Consumer Technology

Waze app makes drivers faster, residents furious

Harriet Baskas

Drivers determined to find the fastest route from here to there have embraced Waze, an app that crowdsources traffic reports and promises users they'll be "outsmarting traffic, together."

But togetherness depends only goes so far.

Read MoreLA residents complain about 'Waze Craze'

In its goal to shorten commute times and reroute drivers around incessantly clogged freeways, Waze has been sending Southern California drivers down side streets in neighborhoods not designed to accommodate so many cars.

The Waze app on a mobile phone.
Nir Elias | Reuters

"The traffic is unbearable now. You can't even walk your dog," a Sherman Oaks resident on a once-quiet street told the Associated Press.

In some communities, residents vow to fight back and reclaim their sleepy-street status by filing fake accident reports with Waze in hopes that the app will route drivers back to the freeways—or through a different neighborhood.

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But that won't work, said Waze spokeswoman Julie Mossler.

"With millions of users in LA, fake, coordinated traffic reports can't come to fruition because they'll be negated by the next 10 people that drive down the street passively using Waze," she told the AP.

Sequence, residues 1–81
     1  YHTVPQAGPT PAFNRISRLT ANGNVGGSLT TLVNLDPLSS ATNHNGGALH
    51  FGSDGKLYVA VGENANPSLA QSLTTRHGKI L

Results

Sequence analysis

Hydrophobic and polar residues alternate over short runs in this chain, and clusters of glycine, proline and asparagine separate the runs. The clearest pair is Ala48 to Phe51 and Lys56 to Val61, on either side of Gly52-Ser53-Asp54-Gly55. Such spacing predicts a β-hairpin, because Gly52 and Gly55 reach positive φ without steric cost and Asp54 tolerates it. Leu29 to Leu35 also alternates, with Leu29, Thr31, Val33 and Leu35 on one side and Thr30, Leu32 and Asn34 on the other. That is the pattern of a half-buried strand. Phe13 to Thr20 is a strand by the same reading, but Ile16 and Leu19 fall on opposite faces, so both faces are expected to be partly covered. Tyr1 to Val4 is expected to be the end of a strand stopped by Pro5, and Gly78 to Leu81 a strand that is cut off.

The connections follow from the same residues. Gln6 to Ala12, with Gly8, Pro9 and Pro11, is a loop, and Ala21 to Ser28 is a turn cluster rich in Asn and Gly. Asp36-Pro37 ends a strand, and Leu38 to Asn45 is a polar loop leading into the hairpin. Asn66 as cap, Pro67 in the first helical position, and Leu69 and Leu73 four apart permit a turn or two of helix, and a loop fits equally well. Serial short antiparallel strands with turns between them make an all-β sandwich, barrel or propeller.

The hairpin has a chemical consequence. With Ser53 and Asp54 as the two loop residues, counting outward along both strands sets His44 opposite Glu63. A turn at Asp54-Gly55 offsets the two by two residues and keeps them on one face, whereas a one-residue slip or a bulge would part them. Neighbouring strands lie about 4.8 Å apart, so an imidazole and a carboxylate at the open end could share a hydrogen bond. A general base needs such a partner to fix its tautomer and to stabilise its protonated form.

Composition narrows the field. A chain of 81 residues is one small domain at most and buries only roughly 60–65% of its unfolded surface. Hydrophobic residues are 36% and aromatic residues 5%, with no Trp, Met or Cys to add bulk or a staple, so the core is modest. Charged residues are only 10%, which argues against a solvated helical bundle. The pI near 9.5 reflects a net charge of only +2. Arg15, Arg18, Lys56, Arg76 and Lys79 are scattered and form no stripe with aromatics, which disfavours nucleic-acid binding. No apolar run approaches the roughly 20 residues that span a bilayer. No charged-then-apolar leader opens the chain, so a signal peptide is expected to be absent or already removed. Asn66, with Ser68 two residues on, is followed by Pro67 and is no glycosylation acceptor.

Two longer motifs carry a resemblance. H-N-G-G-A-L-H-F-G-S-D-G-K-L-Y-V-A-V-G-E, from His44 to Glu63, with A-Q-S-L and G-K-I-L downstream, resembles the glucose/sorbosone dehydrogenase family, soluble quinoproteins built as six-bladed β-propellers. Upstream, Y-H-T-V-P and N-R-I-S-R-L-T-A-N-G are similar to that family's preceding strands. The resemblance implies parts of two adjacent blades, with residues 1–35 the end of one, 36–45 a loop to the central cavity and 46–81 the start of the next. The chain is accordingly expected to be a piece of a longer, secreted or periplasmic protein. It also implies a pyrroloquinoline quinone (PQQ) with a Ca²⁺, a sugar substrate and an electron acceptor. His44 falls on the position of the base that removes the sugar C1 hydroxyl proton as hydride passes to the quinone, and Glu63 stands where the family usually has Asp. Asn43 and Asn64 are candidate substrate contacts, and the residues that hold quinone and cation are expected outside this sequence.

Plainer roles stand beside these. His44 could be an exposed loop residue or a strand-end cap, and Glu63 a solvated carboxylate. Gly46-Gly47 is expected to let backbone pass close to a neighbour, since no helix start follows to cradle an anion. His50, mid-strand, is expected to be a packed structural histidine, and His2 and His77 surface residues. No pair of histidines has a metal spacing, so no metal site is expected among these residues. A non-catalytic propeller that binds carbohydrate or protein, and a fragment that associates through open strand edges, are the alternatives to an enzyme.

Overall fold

NBC's Kerry Sanders put the app to the test. He faced off against Los Angeles resident Jeff Bacon to see who could drive 13 miles from Bacon's house to his workplace the fastest. Bacon used his Waze app. Sanders used a paper map.

Waze craze backlash

Sanders got to Jeff's work down Route 101 in 4 turns while Waze sent Bacon through side neighborhoods for a total of 14 turns. But it only took Bacon 38 minutes and 25 seconds, while it took Sanders 55 minutes and 30 seconds.

"I could have had breakfast!" said Bacon at the end of their race.

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That time savings comes at a cost, at least for the residents on previously sleepy blocks.

Some neighborhoods are turning to transportation officials for help, seeking speed bumps, four-way stop signs and other tools to discourage shortcut takers.

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But "this story is really about what inevitably happens when you design a city to be so dependent on cars alone, neglect mass transit and pedestrians, and vastly undercharge for the use of the roads," said Joshua Schank, President and CEO of the Eno Center for Transportation.

"No matter how Waze shuffles the traffic around, there are simply too many people trying to drive in L.A.," said Schank.